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ID: 1450667
User: 206.126.86.254
Article: Aaron Swartz
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(External Links: Restore twitter link per Talk:Aaron Swartz#Twitter. Please discuss there before removing.)
(JSTOR: minor: not guilty on all accounts --> on all counts)
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On July 19, 2011, Swartz was charged by [[Carmen Ortiz]], the [[U.S. Attorney for Massachusetts]], with [[wire fraud]], [[computer fraud]], unlawfully obtaining information from a [[protected computer]] and recklessly damaging a protected computer.<ref name = "Internet Activist Charged in Data Theft" /> According to the indictment against him, Swartz surreptitiously attached a laptop to MIT's computer network, which allowed him to "rapidly download an extraordinary volume of articles from JSTOR."<ref name ="CB1"/> Prosecutors in the case claimed Swartz acted with the intention of making the papers available on [[Peer-to-peer file sharing|P2P file-sharing sites]].<ref name="Feds: Harvard fellow hacked millions of papers" />
 
On July 19, 2011, Swartz was charged by [[Carmen Ortiz]], the [[U.S. Attorney for Massachusetts]], with [[wire fraud]], [[computer fraud]], unlawfully obtaining information from a [[protected computer]] and recklessly damaging a protected computer.<ref name = "Internet Activist Charged in Data Theft" /> According to the indictment against him, Swartz surreptitiously attached a laptop to MIT's computer network, which allowed him to "rapidly download an extraordinary volume of articles from JSTOR."<ref name ="CB1"/> Prosecutors in the case claimed Swartz acted with the intention of making the papers available on [[Peer-to-peer file sharing|P2P file-sharing sites]].<ref name="Feds: Harvard fellow hacked millions of papers" />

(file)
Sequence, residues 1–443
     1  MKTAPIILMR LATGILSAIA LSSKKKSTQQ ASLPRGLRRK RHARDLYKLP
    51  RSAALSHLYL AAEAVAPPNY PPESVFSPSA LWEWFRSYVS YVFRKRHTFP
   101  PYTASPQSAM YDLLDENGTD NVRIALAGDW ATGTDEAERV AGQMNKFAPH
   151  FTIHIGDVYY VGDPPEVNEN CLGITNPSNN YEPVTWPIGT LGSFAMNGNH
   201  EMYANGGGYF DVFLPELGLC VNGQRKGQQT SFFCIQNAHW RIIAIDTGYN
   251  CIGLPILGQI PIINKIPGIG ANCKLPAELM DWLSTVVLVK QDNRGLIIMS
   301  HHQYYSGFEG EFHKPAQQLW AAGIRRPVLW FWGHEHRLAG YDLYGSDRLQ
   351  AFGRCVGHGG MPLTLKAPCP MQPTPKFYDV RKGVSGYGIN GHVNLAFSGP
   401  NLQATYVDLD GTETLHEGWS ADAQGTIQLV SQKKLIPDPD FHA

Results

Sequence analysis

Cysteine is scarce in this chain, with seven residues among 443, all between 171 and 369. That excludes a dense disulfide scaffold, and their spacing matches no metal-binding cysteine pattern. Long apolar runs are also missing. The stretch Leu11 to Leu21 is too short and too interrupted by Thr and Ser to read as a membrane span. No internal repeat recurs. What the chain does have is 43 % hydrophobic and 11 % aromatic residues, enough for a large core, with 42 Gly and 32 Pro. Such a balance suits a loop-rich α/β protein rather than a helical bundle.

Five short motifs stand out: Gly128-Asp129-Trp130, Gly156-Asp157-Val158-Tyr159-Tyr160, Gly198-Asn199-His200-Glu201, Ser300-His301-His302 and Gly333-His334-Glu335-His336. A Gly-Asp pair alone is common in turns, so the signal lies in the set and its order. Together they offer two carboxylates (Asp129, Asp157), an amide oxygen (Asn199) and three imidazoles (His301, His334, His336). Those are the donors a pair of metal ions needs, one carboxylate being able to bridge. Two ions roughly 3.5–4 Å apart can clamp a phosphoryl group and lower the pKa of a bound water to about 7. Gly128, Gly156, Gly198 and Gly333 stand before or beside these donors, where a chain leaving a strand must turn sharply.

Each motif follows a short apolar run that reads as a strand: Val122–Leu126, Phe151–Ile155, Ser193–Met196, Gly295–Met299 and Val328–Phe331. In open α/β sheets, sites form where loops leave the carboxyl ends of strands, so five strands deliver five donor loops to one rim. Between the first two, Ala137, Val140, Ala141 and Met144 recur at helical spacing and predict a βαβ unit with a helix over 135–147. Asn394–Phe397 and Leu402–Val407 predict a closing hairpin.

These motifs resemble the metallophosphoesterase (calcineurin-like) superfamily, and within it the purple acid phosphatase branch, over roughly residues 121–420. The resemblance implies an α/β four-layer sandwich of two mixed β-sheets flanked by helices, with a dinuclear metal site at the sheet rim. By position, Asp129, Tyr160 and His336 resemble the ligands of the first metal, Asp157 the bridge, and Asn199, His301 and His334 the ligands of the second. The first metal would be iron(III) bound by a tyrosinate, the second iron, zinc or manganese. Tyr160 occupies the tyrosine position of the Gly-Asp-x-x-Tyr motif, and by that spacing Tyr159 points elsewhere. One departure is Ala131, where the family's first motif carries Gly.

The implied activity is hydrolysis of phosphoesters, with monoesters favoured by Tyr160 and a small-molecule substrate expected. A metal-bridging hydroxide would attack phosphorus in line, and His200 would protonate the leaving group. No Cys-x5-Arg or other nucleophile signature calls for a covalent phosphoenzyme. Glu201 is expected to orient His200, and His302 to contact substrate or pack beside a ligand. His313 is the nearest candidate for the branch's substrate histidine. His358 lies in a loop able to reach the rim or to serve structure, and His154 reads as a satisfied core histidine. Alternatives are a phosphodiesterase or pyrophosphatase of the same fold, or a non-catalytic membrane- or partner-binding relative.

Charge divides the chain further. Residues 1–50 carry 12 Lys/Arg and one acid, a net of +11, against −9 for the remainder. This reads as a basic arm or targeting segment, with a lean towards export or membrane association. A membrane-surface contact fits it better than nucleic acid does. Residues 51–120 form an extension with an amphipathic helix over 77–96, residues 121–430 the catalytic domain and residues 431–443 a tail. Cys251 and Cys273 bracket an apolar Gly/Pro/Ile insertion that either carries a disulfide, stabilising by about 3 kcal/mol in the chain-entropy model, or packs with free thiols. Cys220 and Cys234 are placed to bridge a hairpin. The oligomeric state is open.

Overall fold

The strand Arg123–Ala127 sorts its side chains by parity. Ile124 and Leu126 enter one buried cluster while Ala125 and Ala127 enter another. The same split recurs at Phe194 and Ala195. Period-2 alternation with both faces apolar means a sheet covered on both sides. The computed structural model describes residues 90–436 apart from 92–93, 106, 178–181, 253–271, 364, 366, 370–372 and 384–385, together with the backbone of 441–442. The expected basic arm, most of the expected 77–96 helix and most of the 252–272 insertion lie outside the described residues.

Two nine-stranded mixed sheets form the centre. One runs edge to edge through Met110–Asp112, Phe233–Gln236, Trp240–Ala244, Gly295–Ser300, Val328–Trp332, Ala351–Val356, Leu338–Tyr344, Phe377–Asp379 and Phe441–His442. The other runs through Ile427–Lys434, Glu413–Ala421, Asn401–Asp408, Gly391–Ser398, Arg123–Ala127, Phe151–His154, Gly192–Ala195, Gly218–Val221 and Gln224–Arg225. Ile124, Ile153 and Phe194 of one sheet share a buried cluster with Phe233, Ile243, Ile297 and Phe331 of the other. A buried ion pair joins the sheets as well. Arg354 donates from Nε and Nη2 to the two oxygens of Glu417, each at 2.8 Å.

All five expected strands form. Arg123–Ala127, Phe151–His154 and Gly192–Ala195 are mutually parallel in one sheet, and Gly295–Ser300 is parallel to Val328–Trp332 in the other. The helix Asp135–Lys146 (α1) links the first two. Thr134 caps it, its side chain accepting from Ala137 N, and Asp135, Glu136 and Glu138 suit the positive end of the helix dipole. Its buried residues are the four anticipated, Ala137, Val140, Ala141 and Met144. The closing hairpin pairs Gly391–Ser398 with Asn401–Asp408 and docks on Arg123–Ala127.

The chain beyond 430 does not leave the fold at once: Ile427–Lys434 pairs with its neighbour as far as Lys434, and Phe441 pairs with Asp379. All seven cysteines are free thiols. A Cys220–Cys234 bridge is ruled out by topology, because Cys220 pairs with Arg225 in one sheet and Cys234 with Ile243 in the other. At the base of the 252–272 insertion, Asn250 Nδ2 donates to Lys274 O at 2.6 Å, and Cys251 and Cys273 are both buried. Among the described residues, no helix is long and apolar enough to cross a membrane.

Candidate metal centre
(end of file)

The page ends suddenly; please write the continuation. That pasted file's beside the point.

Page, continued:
Swartz surrendered to authorities, pleading not guilty on all accounts, and was released on US$100,000 unsecured bail.<ref name = "open-access-adv" /> After his arrest, JSTOR put out a statement saying it would not pursue civil litigation against him,<ref name ="jstor-statement"/><ref name="open-access-adv" /> while MIT did not comment on the proceedings.<ref name="Lessig_20130113">{{cite web|last=Lessig|first=Lawrence|title=Prosecutor as bully|url= http://lessig.tumblr.com/post/40347463044/prosecutor-as-bully |accessdate=13 January 2013}}</ref> Prosecution of the case continued, with charges of wire fraud and computer fraud, carrying a potential prison term of up to 35 years and a fine of up to $1 million.<ref name=crln/><ref name = techdirt/> One of Swartz's lawyers revealed prosecutors told him two days before Swartz’s death that "Swartz would have to spend six months in prison and plead guilty to [all] 13 charges if he wanted to avoid going to trial."<ref name="Post_20130113">{{cite news | url = http://www.washingtonpost.com/business/young-tech-pioneers-suicide-raises-questions-about-how-harshly-to-prosecute-computer-crimes/2013/01/13/496c2072-5de9-11e2-8acb-ab5cb77e95c8_story.html |title=Mass. lawyer says he told federal prosecutors Internet activist Swartz was suicide risk|agency= Associated Press|date= 2013-01-13|accessdate= January 14, 2013}}</ref> After Swartz's death, his attorney Marty Weinberg told press that he "nearly negotiated a plea bargain in which Swartz would not serve any time", but that bargain failed because "JSTOR signed off on it, but MIT would not."<ref>{{cite web|url=http://www.bostonglobe.com/metro/2013/01/15/humanity-deficit/bj8oThPDwzgxBSHQt3tyKI/story.html?s_campaign=sm_tw |title=On humanity, a big failure in Aaron Swartz case | work = Metro |publisher=The Boston Globe |date=January 15, 2013 |accessdate=2013-01-16}}</ref>